Skelwith Fold Caravan Park in Ambleside says it is keen to log the spread and density of its wildlife population which includes red deer, red squirrels, badgers, hares and a wide variety of birds.
One of the most effective ways to achieve this, believes Skelwith's Henry Wild, is to record where droppings are most commonly found.
Armed with identification sheets which the park will provide, Henry hopes that holidaymakers' field reports will help to build a broad picture of Skelwith Fold's feathered and four-footed residents.
"There are well over one hundred acres of parkland here, most of it wooded and criss-crossed by paths which guests enjoy exploring when they stay here," said Henry.
"By asking them to cast their eyes downward from time to time, we could amass a huge amount of valuable data on what species favour particular locations.
"This information will be invaluable in helping us to map our wildlife and encourage the conditions for their feeding and breeding," he added.
Animal droppings and bird pellets can be quite distinctive, said Henry, and so too can their locations. Badgers, for example, dig out pits for their droppings, while foxes leave their deposits on tussocks.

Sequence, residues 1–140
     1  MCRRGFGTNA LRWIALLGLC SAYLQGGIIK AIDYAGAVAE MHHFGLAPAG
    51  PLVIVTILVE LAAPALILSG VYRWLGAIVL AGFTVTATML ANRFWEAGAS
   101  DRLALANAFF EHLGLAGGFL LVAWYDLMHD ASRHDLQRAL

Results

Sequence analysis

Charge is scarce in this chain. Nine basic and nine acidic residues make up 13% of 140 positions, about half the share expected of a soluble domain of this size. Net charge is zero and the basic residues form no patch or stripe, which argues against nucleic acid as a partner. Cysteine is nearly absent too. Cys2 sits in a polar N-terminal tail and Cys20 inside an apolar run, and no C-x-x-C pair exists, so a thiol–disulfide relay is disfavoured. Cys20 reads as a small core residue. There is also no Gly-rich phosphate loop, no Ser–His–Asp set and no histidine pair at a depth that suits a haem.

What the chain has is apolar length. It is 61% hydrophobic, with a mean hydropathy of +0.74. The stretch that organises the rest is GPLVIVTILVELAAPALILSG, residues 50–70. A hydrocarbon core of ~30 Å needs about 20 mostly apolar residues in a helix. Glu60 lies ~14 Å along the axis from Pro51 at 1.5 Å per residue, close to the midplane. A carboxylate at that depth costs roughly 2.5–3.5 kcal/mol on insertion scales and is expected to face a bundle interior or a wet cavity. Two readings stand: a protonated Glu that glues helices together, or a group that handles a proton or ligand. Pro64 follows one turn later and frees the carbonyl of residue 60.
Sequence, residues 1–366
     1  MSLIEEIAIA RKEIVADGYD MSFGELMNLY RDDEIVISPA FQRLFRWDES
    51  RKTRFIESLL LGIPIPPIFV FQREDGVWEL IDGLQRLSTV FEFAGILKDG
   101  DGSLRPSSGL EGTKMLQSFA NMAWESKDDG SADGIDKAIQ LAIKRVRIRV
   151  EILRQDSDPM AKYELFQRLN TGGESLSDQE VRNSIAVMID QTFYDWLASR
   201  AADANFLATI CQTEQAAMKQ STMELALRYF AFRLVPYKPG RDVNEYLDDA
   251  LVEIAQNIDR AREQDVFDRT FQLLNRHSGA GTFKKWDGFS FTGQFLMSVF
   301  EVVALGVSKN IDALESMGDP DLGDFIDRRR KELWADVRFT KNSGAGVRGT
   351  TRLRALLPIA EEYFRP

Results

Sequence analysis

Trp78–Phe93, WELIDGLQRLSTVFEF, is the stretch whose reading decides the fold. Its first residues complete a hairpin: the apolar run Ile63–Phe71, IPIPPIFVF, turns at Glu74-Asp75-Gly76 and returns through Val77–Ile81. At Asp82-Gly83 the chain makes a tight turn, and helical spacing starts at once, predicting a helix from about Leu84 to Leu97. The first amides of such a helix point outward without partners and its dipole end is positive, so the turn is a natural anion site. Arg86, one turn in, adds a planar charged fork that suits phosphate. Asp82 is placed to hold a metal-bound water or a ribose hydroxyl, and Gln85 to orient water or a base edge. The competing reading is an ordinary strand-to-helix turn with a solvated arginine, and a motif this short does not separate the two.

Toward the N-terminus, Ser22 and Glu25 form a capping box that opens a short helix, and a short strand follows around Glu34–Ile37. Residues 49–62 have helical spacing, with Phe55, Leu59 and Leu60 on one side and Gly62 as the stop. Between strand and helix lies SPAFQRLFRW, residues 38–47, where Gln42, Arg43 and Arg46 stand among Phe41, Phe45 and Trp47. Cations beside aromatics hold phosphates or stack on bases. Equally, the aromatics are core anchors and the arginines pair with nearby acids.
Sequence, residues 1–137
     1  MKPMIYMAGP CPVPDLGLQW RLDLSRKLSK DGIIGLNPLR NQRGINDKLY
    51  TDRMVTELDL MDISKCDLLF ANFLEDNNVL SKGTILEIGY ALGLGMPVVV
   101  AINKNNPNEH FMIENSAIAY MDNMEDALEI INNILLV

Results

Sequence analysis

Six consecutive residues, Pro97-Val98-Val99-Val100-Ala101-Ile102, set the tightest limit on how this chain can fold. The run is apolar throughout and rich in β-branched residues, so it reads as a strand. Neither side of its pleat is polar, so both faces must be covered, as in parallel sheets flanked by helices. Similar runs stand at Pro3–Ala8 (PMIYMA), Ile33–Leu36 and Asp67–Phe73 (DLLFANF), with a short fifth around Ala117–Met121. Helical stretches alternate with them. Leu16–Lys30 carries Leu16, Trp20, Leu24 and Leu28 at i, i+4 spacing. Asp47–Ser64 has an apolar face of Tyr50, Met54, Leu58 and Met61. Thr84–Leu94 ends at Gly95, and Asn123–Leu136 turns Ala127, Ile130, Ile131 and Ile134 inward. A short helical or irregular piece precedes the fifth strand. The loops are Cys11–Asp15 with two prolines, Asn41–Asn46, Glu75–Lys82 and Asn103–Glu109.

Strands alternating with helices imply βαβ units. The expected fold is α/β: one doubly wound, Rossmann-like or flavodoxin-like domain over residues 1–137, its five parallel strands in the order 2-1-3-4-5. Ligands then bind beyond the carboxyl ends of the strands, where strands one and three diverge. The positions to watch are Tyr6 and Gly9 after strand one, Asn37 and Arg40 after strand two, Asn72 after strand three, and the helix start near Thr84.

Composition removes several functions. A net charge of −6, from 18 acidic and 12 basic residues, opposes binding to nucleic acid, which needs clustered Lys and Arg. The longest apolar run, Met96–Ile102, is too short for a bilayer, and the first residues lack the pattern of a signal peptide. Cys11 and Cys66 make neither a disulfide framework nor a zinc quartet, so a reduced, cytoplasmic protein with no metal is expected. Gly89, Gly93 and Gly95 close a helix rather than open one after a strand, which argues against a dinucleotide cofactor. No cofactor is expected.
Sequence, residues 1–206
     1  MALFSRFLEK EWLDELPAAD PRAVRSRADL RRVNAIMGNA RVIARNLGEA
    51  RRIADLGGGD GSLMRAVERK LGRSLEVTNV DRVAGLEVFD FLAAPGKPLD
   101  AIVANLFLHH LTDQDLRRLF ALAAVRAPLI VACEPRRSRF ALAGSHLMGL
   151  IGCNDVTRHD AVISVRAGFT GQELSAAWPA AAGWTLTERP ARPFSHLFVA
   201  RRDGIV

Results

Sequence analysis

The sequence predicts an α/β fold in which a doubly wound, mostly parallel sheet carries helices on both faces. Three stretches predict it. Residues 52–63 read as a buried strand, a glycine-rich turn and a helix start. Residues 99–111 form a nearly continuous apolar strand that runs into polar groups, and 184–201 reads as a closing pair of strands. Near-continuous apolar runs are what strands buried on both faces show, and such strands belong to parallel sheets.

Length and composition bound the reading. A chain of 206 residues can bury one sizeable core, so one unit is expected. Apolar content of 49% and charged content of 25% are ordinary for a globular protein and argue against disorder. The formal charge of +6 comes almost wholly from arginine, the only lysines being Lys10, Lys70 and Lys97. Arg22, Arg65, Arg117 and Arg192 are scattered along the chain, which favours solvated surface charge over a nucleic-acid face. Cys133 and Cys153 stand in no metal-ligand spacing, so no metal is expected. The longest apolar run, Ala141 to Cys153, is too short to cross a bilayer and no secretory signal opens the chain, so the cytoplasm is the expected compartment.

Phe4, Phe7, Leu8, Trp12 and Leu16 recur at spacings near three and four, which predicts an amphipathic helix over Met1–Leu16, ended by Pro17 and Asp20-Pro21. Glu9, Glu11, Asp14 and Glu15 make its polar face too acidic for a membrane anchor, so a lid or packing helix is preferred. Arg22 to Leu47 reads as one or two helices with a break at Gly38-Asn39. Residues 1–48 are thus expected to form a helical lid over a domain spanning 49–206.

Many bird pellets can also be readily identified, he commented, like those left by owls and seed-feeding birds such as goldfinches.
Skelwith Fold was named as the Holiday Park of the Year in 2010 by Cumbria Tourism, and has won a number of top green awards for its care of the natural environment.
The park has also been praised in recent times by His Royal Highness the Prince of Wales for its successful bid to re-introduce colonies of red squirrels in the grounds.
Guests who wish to take part in dropping safaris will be issued with illustrated crib-sheets to help identify their finds, and a map of the park's grounds to mark their location.
"We're hoping that this will catch the imagination of children especially as they love exploring with a purpose and making their own discoveries," said Henry.
"Next year, we'll also be offering a small weekly prize for the youngster which records the most sightings on their safaris.
"After giving it some thought, we've decided to let them choose between a book token - or a hardback set of AA Milne stories," he said.